Giardia and Cryptosporidium are both waterborne parasites and leading causes of gastroenteritis. Although specimens from diarrhoeic patients are routinely examined for Cryptosporidium, they are often not examined for Giardia so many cases go undiagnosed. Since 2002, all faecal specimens in Central Lancashire have been tested for infection with Giardia and Cryptosporidium. The aim of this paper is to gain insight into the factors contributing to giardiasis and cryptosporidiosis, including evidence of transmission via drinking water. Our analysis found a higher risk of both conditions for young children and a second peak in risk of giardiasis in adults. There was a significantly higher risk of giardiasis for males and a higher risk of cryptosporidiosis for females. The geographical location was significant, with an increased risk in the north. Residence in an area with increased supply from one water treatment works was a significant predictor for cryptosporidiosis.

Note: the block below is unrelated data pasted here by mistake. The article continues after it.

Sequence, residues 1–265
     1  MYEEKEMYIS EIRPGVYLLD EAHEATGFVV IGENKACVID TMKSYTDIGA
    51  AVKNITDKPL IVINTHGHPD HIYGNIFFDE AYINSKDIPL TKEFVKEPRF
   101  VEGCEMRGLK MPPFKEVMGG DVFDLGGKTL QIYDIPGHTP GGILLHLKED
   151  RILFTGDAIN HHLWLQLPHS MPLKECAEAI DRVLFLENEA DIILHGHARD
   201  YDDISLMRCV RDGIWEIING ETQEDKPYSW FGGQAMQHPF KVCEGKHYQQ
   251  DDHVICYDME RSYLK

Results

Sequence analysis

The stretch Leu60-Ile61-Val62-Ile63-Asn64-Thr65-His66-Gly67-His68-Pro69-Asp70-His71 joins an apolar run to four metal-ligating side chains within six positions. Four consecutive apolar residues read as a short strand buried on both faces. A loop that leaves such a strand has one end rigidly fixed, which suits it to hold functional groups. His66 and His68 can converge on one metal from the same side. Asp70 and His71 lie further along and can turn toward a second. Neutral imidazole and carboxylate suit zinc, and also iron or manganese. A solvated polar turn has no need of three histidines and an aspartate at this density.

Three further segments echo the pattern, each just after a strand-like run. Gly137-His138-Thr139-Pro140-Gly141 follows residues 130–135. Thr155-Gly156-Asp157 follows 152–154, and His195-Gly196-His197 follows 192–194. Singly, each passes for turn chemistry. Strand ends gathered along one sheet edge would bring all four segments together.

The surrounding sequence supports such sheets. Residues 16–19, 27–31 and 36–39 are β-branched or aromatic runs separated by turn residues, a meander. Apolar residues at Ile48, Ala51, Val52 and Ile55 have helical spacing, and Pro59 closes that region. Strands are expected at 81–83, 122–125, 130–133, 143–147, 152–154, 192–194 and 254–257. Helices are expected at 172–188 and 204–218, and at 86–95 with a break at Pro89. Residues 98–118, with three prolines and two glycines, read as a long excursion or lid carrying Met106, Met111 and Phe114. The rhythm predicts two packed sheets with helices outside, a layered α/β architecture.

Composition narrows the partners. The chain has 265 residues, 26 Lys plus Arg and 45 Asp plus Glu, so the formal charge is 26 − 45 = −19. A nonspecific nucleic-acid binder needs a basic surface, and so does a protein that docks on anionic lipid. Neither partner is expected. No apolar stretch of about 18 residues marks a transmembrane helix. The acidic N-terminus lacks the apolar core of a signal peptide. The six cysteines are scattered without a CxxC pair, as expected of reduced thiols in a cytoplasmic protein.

|Number of pages||10|
|Journal||Spatial and Spatio-temporal Epidemiology|
|Publication status||Published - Nov 2018|
Bibliographical noteFunding Information:
N. Reeve was funded by a studentship from the Medical Research Council.
© 2018 Elsevier Ltd
- Gastrointestinal disease
- Public health
- Spatial analysis